October 24, 2017

Tong Len- a helping hand for slum children celebrates 10 th anniversary at Dharamsala

tong-len3Dharamshala (Arvind Sharma )

Tong Len  is a unique residential home for slum children based in Dharamsala and doing excellent work to educate the children of migrate laborer. These displaced families which come here from some of the poorest areas of India , work as the labour in construction or other works in and around Dhharamsala, whereas their children use to beg. A survey say that  there are a large number of such  communities and nearly  u 600 people struggling to survive in flimsy make-shift shelters which offer only minimal protection against the harsh climatic conditions. Disease is rife and this is exacerbated by severe malnutrition. Children, like their parents, have little or no opportunities for education and many spend their days scavenging and begging.

Ten year back Tong Len spread its helping hand to uplift these children to come in the main stream if the society to live a better and secured life. It picked up the children gave them roofed shelter, food and opening in the schools of their choice.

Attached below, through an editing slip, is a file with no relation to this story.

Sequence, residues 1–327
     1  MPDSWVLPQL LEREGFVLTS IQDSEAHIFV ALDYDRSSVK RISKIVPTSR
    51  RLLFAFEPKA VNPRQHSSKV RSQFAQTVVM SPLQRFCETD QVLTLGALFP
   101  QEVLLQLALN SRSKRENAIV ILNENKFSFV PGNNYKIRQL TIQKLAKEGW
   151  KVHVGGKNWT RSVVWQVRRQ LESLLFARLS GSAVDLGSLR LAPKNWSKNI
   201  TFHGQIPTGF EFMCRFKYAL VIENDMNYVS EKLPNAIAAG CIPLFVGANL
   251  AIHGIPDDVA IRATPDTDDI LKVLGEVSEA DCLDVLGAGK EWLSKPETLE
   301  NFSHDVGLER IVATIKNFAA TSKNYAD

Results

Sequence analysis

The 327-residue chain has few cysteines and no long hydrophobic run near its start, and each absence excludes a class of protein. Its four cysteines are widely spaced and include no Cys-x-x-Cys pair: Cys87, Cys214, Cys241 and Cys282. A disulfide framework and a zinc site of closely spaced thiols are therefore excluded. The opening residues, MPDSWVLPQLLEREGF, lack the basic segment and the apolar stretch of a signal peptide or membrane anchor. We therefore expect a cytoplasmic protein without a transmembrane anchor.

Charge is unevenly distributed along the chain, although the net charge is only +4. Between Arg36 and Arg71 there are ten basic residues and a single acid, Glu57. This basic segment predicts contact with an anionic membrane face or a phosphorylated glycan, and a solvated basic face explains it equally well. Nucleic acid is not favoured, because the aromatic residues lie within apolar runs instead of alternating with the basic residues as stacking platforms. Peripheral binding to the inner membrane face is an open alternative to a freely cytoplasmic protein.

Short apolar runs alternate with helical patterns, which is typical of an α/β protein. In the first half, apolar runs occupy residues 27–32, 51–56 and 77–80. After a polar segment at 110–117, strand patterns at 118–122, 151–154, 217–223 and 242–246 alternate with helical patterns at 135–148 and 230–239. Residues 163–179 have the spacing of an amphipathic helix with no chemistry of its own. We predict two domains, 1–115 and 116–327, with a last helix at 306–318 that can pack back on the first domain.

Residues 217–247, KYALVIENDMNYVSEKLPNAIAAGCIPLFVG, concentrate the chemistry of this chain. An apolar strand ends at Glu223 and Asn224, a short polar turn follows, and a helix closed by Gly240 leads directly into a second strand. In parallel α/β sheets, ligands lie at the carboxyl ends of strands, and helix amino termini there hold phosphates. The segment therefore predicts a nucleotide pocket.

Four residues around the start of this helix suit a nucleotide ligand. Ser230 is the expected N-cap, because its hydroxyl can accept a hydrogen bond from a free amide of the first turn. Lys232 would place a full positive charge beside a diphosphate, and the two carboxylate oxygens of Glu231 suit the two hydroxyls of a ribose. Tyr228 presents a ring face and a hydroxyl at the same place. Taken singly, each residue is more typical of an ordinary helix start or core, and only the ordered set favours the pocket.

Tong-Len’s mission is to help displaced communities in North India achieve a secure and sustainable future by addressing the root causes of their poverty and ill-health through a range of education and health-based projects. The organization, Tong Len was founded by a Tibetan monk, Lobsang Jamyang. Born in Tibet and later came to India in 1997. During his stay in Dharamsala he visited Charan Khad and with the help of other monks and his friends, in 2004, 10 children from the slum were enrolled at the residential school to start this organization.

Tong Len strives to provide education and safe environment for children of displaced families from poor parts northern India who had migrated to the Kangra valley and is now largely live in Charan Khad.

Tong Len, celebrated its 10th anniversary at its campus at Sarah near Dharamsala on Wednesday. At this occasion former Tibetan Prime Minister, Professor Samdong Rinpoche said, “I derive great satisfaction to see a monk performing an act of compassion.” stressing on giving importance to their native language and culture Rinpoche said “It is essential that you should learn and continue to use your mother tongue. Giving equal importance to a second language other than your mother tongue is in my opinion misplaced.”

Among other dignitaries and guests, present in the  ceremony were  Professor Ajay Shrivastava, Chairman of Umang Foundation in Shimla and Anna Owen, Director of Tong-Len UK.

File photo:- the students of Tog Len with dalai Lama

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